Posts Tagged ‘Unfunded Liabilities’

Socialism’s Promise: Medicaid for All

Monday, July 17th, 2017

For an example of how government entitlements always expand and never contract, consider what’s been happening to Medicaid.

Designed to provide health coverage for low-income and disabled Americans, Medicaid was signed into law in 1965 during the Johnson Administration.

Today, Medicaid ranks second only to public school education as the largest budget item in most states. Nationally, Medicaid spending now exceeds a half trillion dollars a year ($574.2 billion in FY 2016).

The true cost is higher, though. Both Medicaid and Medicare pay providers significantly less than what they receive from private payers – and Medicaid pays about two thirds of what Medicare pays. That means less access to healthcare, since one in three physicians refuses to see Medicaid patients. It also means non-Medicaid healthcare costs need to be higher to subsidize Medicaid.

Initially, Medicaid covered 4 million Americans. This year, it’s projected to cover 73.5 million Americans. In spite of the more than $20 trillion spent on the War on Poverty over that period, Medicaid enrollment from year to year has almost always increased, regardless of the overall health of the economy. It has also increased even though the poverty level has remained about the same – about 15% of the population.

But the worst is yet to come. (more…)

Unfunded Pension Liabilities Reach $7 Trillion

Monday, July 10th, 2017

The mean average amount saved for retirement by all working-age families in the U.S. is just $95,776, according to a new report from the Economic Policy Institute. The median average – that is, the average for those in the 50th percentile – is just $5,000.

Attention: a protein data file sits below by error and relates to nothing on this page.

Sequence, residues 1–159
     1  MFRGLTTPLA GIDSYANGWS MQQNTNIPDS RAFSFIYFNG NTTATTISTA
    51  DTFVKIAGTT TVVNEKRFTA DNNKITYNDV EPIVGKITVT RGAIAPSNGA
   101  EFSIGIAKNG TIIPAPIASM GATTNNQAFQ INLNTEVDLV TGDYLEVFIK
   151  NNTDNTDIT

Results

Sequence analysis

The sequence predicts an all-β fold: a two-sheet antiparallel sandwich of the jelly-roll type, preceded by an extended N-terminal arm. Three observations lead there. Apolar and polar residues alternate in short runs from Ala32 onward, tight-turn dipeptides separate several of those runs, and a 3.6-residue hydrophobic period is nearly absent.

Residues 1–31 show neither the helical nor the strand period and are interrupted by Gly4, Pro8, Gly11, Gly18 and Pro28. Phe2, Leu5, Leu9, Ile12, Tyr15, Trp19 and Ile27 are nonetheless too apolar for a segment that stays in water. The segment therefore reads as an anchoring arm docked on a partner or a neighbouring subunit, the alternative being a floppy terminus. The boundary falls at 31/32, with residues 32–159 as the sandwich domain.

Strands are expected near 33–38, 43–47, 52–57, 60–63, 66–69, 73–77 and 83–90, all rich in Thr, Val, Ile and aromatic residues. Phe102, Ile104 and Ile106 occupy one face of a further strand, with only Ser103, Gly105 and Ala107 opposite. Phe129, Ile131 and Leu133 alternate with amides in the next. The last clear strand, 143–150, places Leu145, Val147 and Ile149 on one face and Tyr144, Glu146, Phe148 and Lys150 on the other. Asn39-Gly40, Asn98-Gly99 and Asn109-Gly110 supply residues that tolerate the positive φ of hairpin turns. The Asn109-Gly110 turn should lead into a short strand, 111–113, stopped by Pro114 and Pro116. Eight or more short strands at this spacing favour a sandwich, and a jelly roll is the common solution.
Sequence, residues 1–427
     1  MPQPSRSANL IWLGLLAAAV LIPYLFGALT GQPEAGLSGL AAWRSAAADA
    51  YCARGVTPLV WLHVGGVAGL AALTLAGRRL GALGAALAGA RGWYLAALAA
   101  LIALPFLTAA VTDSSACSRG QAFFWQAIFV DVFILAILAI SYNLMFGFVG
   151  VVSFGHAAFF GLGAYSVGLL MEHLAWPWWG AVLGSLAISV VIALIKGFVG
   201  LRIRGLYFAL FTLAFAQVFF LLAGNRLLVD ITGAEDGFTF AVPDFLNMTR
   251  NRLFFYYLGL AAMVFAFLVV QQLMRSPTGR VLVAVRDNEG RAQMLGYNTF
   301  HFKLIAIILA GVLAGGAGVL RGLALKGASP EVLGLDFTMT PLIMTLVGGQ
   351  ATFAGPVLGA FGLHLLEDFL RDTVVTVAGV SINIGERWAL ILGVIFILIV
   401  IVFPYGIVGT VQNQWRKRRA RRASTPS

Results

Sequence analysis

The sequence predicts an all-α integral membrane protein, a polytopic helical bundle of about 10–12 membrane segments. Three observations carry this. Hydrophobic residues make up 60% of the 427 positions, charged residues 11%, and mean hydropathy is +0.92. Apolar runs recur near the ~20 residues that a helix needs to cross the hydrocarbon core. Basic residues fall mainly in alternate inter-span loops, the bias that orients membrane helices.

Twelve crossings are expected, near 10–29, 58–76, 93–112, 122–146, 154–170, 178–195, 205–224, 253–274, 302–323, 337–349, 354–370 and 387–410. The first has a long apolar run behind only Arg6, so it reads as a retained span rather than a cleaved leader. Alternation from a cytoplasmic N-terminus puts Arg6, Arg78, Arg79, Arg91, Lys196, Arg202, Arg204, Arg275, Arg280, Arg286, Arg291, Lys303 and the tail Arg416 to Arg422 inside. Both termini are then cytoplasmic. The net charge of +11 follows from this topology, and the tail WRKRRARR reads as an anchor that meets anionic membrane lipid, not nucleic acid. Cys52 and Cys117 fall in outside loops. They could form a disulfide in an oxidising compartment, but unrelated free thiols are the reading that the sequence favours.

That’s tragic, as it means that many Americans will be unable to afford to retire. At the same time, they are on the hook to pay unfunded liabilities for government employees as they retire.

Most private-sector employees have “defined contribution” plans, such as 401(k) plans, which are self-directed. Employers typically provide matching funds, but if you don’t contribute, you get nothing. Which is why many have saved little or nothing.

In contrast, employees in the public sector often have “defined benefit” plans, which are traditional pension plans. Defined benefit plans, as the name implies, guarantee a set amount throughout a person’s retirement years. (more…)

More Government, Less Manufacturing

Monday, August 29th, 2016

As the first country to mass produce everything from automobiles to computers, America has a well-deserved reputation for innovation, thanks to its manufacturing sector. U.S. government employees, conversely, are most adept at producing paperwork, as we’ve previously noted.

So which sector do you think employs more people in the U.S.—those who produce or those who bog down production with new regulations?

The answer—and it’s not even close—is that government employees outnumber employees working in manufacturing. In fact, as of a year ago, there were 21,995,000 government employees and 12,329,000 manufacturing employees.  That’s 1.8 government employees for each manufacturing employee, or one employee to produce and nearly two employees to regulate.manufacturing_and_government_employees-1939-2015

Granted, not all government employees are regulators and many serve valuable roles … but is it healthy for the economy to have nearly twice as many employees working in government as we have working in manufacturing?

It didn’t used to be this way. Until August 1989, manufacturing employees outnumbered government employees. But that month, government employed 17,989,000 and manufacturing employed 17,964,000. The two sectors have been going in opposite directions ever since. (more…)